– There is no “new special,” and even it there were, it can’t be “relevant to consumers” if those consumers have no idea what it is or what it means. If you really want to talk about the “new special,” it has to be understood by the market. It has to be real. It can’t just be the product of an internal memo.

– Spending £6,000,000 on an ad campaign in 2011 doesn’t demonstrate a company’s ability to “adapt to current market conditions and understand shifting consumer attitudes.” In fact, it demonstrates the exact opposite.

But none of what we have talked about so far is as tragic as my next point:

Error 6: Allowing bullshit to pile up in your front yard.

New is new. New is not old. When a concept has been at the core of an ad campaign for 4+ years, it cannot be refered to as “new.”

Here is the quote again:

“Entitled ‘Food of the Gods’ the new campaign aims to change consumer attitudes to the brand, to make its range more social, having established the brand as one of quality for special occasions.”

“The launch of these new creative advertising campaigns […]. Both creatives capture the ‘new’ special that is relevant to consumers, and demonstrates our ability as a business to adapt to current market conditions and understand shifting consumer attitudes.”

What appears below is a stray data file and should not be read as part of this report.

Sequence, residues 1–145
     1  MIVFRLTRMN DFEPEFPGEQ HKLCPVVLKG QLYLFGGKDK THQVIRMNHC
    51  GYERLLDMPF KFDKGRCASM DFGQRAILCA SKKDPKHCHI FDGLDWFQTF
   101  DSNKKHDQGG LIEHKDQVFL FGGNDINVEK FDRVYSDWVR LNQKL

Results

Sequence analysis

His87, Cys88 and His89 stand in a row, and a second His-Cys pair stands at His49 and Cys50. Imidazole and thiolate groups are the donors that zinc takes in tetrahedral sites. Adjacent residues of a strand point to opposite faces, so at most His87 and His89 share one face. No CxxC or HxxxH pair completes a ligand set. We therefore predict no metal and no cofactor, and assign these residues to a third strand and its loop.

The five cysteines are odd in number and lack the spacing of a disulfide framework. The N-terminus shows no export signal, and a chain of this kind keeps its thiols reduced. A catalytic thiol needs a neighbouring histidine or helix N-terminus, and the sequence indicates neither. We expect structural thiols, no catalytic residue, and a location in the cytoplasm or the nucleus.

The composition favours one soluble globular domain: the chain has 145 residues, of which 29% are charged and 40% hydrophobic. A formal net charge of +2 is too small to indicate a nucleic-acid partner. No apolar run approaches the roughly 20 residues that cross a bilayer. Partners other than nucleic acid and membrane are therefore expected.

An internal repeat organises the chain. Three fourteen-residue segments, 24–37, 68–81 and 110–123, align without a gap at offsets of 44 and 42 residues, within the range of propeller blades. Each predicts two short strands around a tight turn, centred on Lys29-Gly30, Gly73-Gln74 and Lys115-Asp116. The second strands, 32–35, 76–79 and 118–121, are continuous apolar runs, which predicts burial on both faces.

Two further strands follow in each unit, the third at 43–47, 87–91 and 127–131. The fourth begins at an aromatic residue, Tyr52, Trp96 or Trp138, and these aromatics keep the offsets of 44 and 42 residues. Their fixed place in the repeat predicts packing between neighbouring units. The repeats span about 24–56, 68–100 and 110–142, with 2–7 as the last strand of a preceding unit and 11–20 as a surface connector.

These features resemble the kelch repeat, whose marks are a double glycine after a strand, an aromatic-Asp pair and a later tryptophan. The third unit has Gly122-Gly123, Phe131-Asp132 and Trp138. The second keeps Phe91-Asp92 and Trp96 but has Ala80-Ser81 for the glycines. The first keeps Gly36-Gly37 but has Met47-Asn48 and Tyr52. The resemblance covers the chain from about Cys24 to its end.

So the assumption here, or the message being conveyed by Ferrero, is that the brand is doing something new with these ads. They are “new campaigns” with “new creative” that aim to capture the “new special” and change consumer attitudes. One might expect, then, that these ads would be nothing like Ferrero’s previous ads. Right?

Let’s see what Ferrero’s ads looked like in 2010:

(If the video doesn’t play, go watch it here.)

Wait a second… Aren’t those… gods? Isn’t the ad about Ferrero Rocher being the food of the gods? Wasn’t the ad campaign actually called “Food of the Gods?”

I’m confused. What’s so new about this year’s campaign then?

Here is another one, also from 2010, which features not only the gods but mythological hero Ulysses:

(If the video doesn’t play, go watch it here.)

Okay. Let’s go back a little further. Maybe that was just a glitch. Here is a 2007 TV ad from Ferrero:

(If the video doesn’t play, go watch it here.)


I really want to ignore the fact that this 2007 ad is about the gods of Olympus inviting their “Nordic cousins” (Norse gods AND Mr. Santa Claus himself) to share with them their “Food of the Gods”. I really do. I really, really, really do.

Now you see why I find myself scratching my head at what Mr. de Felip is talking about:

What precisely is “new” about this £6,000,000 ad campaign?

How will using the same narrative and imagery (the Gods of Olympus) that have been used since 2007 somehow “change” consumer perceptions or give the brand a more “social range?”

The myth you might be searching for is The Emperor’s New Clothes.

If nobody cares, nobody cares. But… what if someone actually cares?

No matter how off-target a company’s ads may be, no matter how poorly devised that company’s product positioning or how outdated its brand narrative may be, no matter how disconnected from reality its marketing executives may be, a good product is still a good product. Ferrero Rocher is pretty tasty, and Nutella is simply one of the most delicious chocolate-related products on the face of the Earth.